When you think of Street Art, protests will likely come to mind. After all, painting in the public square is the art of public speaking. You certainly don’t expect images that cover the sides of buildings to be dewy-eyed or otherwise untouched by the darkness of the world today. But on Nov. 30, the Guardian announced a new book by photographer Lou Chamberlin called “Burn City: Melbourne’s Painted Streets,” and even at a glance, two back alley murals of sublime innocence pop out at you.

Awesome Aussies

“Burn city” refers to a Melbourne street art term “burner,” meaning art so hot, it sizzles.

But the two age-of-innocence murals I’m thinking of – both of children -- are strong in another way, a quiet way. In one there’s no color, only monochromatic grays that impart a sweet nostalgia for a past that has ceased to exist. What you see is a slight of a girl holding a hummingbird in wonder. Given the moonstruck air of the painting, the name the artist goes by – Manofdarkness – is downright paradoxical. And while the other mural by an artist named Adnate is a full color rendering of a small child's face, the open-mouthed sense of wonder also speaks of a fond memory – the marveling of the very young.

Picturing innocence

The last time the art world saw a painting of such guilelessness was probably back in 1785 when the English portrait painter Sir Joshua Reynolds pictured “A Little Girl” later called “Age Of Innocence.” It had such impact that Edith Wharton named her Pulitzer Prize novel after the painting; except that she meant the title as a sarcastic take on the superficiality of New York society.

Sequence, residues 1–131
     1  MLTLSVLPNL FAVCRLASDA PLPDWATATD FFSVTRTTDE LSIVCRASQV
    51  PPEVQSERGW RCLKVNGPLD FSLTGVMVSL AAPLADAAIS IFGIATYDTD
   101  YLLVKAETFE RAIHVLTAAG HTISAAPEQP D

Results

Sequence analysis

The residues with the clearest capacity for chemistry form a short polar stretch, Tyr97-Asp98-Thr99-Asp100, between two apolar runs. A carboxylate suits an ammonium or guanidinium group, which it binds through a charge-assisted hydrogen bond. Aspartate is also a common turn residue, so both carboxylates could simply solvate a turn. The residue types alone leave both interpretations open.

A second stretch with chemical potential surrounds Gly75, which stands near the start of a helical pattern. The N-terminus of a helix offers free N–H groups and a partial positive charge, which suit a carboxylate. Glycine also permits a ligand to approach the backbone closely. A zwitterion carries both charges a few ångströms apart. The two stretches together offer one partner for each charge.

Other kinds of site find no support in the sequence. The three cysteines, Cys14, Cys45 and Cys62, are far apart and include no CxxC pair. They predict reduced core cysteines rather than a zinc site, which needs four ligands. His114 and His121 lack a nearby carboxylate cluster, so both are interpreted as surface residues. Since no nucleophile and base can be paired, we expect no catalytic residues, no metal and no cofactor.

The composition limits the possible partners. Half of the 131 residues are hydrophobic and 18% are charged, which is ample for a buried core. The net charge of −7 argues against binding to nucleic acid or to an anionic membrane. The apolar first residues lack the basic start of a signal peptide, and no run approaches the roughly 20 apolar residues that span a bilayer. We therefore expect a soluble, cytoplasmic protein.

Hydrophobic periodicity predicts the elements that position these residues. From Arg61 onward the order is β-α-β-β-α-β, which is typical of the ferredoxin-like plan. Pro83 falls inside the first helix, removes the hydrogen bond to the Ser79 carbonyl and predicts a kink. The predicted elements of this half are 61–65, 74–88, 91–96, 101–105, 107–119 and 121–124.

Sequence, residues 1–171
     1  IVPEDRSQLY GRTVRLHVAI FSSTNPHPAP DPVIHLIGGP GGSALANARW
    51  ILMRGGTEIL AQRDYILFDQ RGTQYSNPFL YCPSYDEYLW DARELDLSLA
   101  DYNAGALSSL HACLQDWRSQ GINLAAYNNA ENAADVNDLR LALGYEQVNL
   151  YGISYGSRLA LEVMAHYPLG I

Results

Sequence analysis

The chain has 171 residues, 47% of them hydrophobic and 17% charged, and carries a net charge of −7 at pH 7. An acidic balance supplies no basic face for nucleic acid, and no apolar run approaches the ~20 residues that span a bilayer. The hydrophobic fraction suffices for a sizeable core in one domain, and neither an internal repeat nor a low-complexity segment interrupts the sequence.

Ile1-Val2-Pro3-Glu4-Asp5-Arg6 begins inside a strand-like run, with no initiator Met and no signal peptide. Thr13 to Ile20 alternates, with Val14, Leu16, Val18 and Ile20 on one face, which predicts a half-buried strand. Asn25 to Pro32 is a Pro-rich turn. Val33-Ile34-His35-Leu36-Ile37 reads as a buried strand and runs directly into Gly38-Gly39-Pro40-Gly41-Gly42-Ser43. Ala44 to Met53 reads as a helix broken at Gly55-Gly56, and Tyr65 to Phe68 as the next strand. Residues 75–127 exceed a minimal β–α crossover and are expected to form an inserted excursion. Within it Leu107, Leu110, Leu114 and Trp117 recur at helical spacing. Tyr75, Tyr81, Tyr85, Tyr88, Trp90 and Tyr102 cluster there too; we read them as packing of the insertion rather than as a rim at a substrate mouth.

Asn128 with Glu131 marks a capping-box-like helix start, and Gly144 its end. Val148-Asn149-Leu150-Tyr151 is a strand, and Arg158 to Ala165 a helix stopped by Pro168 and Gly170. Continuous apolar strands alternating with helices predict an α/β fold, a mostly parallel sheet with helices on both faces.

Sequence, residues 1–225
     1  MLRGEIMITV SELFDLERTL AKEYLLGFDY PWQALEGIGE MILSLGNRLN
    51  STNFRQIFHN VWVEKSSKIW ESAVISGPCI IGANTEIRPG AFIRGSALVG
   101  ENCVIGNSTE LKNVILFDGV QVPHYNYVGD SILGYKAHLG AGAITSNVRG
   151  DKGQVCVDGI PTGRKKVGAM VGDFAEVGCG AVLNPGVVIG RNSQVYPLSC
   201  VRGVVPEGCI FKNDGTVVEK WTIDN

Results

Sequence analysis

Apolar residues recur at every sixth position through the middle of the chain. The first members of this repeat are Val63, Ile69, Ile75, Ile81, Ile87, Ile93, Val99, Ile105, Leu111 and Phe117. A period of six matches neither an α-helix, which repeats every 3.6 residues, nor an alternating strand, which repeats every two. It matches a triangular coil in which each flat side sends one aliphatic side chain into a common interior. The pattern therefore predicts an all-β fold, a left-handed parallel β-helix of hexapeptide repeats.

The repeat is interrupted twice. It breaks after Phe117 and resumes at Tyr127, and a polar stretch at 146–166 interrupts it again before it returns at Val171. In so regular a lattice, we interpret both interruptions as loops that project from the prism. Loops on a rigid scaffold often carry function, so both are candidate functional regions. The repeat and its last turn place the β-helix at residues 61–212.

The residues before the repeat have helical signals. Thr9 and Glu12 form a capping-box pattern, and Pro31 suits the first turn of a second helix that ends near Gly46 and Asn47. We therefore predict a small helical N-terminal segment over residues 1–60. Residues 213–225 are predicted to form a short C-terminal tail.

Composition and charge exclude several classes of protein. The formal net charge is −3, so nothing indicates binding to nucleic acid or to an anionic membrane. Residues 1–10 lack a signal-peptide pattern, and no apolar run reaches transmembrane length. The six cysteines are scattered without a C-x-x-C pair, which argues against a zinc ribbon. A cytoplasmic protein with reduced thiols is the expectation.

But there’s nothing ironic about Reynolds’ portrait. He meant the little girl to be the face of childhood.

Pomp and circumstances

And while Reynolds’ portraits of society types show themselves to be ridiculously glorifying, he preferred picturing kids without affectation; although the pink cheeks, blond curls, and white clothing in “The Little Girl” border on idealization – as if he were pushing the point of purity.

But art historian Allan Cunningham attests to Reynolds’ sincerity about depicting children free of frou-frou: “It was one of his maxims that the gestures of children are dictated by nature. He liked to observe children who came to his gallery mimicking the airs in the adult portraits.”

‘The Ugly American’

Like Reynolds and Wharton, Mark Twain was also taken with the notion of innocence, but more like Wharton.

His “The Innocents Abroad” was a scathing comment on American tourists: “The gentle reader will never, never know what a consummate a** he can become until he goes abroad.” Shades of The 1958 political fiction “The Ugly American,” in which novelists William Lederer and Eugene Burdick dramatized the mistakes we made in Southeast Asia. We’re still making them, and when you consider all the ugliness in headlines lately, pictures of past innocence can seem like hallucinations.